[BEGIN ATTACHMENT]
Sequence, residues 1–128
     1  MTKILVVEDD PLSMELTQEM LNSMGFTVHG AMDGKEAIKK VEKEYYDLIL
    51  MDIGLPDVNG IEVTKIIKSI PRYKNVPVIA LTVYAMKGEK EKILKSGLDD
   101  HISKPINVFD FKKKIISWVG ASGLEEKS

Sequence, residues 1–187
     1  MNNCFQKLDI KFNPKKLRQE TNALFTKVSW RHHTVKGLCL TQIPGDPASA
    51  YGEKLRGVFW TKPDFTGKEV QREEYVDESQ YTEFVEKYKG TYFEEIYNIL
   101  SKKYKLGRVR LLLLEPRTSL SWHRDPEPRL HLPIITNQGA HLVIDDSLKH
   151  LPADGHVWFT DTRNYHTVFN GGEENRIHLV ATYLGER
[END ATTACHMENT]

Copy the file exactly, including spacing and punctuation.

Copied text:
Sequence, residues 1–128
     1  MTKILVVEDD PLSMELTQEM LNSMGFTVHG AMDGKEAIKK VEKEYYDLIL
    51  MDIGLPDVNG IEVTKIIKSI PRYKNVPVIA LTVYAMKGEK EKILKSGLDD
   101  HISKPINVFD FKKKIISWVG ASGLEEKS

Sequence, residues 1–187
     1  MNNCFQKLDI KFNPKKLRQE TNALFTKVSW RHHTVKGLCL TQIPGDPASA
    51  YGEKLRGVFW TKPDFTGKEV QREEYVDESQ YTEFVEKYKG TYFEEIYNIL
   101  SKKYKLGRVR LLLLEPRTSL SWHRDPEPRL HLPIITNQGA HLVIDDSLKH
   151  LPADGHVWFT DTRNYHTVFN GGEENRIHLV ATYLGER